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What Constitutes A Legal Arrest?

Over the past year or so, the arrest process in this country has become stigmatized, leaving many Americans pointing the finger at the justice system and those who work for it. Tensions have only thickened as new allegations and actual crimes of police brutality continue to surface. Whatever the direct cause of unrest, people are done asking—and are now demanding—answers and reform.

To alleviate that mounting confusion and skepticism regarding the criminal justice system, we would like to explain the ins and outs of the arrest process in-depth, and hopefully give you a more informed, pragmatic perspective on the justice system in the United States.

What is legally required for an officer to arrest you?

1. The officer has “probable cause.”

Probable cause is the grey area between suspicion and complete certainty. In other words, a police officer must be able to objectively point to a situation that prompted him or her to apprehend a suspect. He/she cannot arrest you on a mere hunch. You’ll notice the lack of a concrete definition—that’s because there isn’t one. The existence of probable cause is determined by a judge. Nevertheless, probable cause is the foundation of a lawful arrest.

Example: An officer pulls you over for speeding and proceeds to search your car once you consent. Say he finds drug paraphernalia and baggies filled with marijuana. The officer would then have probable cause to arrest you.

2. The officer has personally observed the crime.

If an officer witnesses a crime, he/she has legal authority to arrest the perpetrator.

3. The officer has an arrest warrant.

If an officer has a warrant for your arrest issued by a judge, he/she has legal authority to take you into custody. Given that, there are many factors for a judge to consider when signing or rejecting a warrant request, but for our purposes here, know that the existence of a warrant for your arrest empowers the officer to apprehend you.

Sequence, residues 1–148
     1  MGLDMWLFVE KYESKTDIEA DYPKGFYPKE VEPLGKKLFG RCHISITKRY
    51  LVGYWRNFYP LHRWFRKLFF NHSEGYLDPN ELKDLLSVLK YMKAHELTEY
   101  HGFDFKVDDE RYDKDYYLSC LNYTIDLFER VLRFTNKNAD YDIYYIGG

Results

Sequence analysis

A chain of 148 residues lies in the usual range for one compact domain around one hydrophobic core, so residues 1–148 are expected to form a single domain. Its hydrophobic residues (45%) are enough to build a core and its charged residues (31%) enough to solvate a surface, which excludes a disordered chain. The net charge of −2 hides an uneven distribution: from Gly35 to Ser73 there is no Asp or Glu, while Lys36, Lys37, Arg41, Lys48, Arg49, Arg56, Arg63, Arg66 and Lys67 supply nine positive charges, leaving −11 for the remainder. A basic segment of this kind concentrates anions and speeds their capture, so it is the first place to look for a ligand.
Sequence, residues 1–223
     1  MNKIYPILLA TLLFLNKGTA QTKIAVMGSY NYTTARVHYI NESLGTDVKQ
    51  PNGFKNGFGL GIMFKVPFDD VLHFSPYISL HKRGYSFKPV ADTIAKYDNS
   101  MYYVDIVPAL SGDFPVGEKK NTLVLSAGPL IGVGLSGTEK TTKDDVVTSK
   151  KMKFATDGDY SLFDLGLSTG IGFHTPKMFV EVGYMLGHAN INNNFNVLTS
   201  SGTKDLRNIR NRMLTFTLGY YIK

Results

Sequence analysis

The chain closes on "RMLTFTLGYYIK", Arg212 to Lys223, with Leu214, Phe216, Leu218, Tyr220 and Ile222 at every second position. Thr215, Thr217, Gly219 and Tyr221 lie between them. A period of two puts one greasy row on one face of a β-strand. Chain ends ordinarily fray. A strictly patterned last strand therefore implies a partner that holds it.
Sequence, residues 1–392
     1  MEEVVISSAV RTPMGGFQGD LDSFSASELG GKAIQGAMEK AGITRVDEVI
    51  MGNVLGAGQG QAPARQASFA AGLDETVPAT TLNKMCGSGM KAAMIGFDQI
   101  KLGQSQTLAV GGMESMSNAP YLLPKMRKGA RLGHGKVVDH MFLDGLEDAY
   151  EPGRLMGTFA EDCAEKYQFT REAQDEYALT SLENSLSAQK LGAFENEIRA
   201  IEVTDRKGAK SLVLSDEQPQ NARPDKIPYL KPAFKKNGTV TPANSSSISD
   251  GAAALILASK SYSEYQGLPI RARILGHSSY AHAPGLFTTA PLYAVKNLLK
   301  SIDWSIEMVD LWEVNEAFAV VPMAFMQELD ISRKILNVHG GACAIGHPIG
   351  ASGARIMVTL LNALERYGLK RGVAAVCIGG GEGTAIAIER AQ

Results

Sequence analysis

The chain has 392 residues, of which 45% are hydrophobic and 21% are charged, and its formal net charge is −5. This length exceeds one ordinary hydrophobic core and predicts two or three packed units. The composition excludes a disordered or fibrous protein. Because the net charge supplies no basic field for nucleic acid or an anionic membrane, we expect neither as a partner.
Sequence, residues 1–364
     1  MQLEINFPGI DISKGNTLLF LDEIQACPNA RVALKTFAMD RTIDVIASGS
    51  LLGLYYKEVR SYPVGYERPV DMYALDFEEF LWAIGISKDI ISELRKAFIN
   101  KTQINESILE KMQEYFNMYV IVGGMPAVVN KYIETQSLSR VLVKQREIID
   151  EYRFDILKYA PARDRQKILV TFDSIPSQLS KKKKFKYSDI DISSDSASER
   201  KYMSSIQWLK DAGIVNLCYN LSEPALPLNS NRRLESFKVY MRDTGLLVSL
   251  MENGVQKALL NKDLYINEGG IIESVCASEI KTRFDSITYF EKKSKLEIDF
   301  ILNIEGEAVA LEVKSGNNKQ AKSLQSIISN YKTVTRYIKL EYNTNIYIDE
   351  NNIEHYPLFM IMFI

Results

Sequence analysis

The Arrest Procedure

Now that we’ve covered what is required by law to initiate an arrest, let’s examine the procedural requirements officers must follow when carrying out the arrest.

When are you under arrest?

You are considered to be under arrest when you reasonably believe that you are not free to leave. You do not have to be in handcuffs to be considered under arrest by law.

Where do Miranda Rights come in?

Actually, an officer is not legally required to read you your Miranda Rights at the time of arrest. However, Miranda Rights are required before interrogating a suspect, which is why many officers read you your rights immediately after apprehension to be thorough. You can read the 5th and 6th amendments for more information about Miranda Rights.

Will I know my charges?

A third common requirement of a lawful arrest is for an officer to inform you of why you are being taken into custody. However, depending on the jurisdiction and circumstances of the arrest, an officer may not have to tell you what you’ve been charged with. In North Carolina, statute GS_15A-401(c)(1)c asserts that an officer must, “[a]s promptly as is reasonable under the circumstances, inform the arrested person of the cause of the arrest, unless the cause appears to be evident.”

What now?

That was a lot of information to take in, but you now have an above-average understanding of what constitutes a legal arrest. And you can apply this newfound comprehension to the current sentiments throughout the country, and construct a conducive, thoughtful perspective.

While we hope you never have to experience an arrest first-hand, it is our civic duty to understand and follow the laws that govern us. It is important to note that the information above is general, and that some states and cities have unique arrest procedures and regulations. For clarification, contact your local police department.

Need a legal defense? Manning Law will protect you.

If you’re in need of a legal defense for any charge, contact us today to let us fight for you. Also keep up-to-date and in the loop about all news and need-to-know information in criminal law through our new blog. Our expert attorneys are here for you!

Taylor Manning
The content on this page was reviewed by Manning Law Firm, PLLC partner Taylor Manning. You can learn more about Taylor's experience and expertise on his bio page.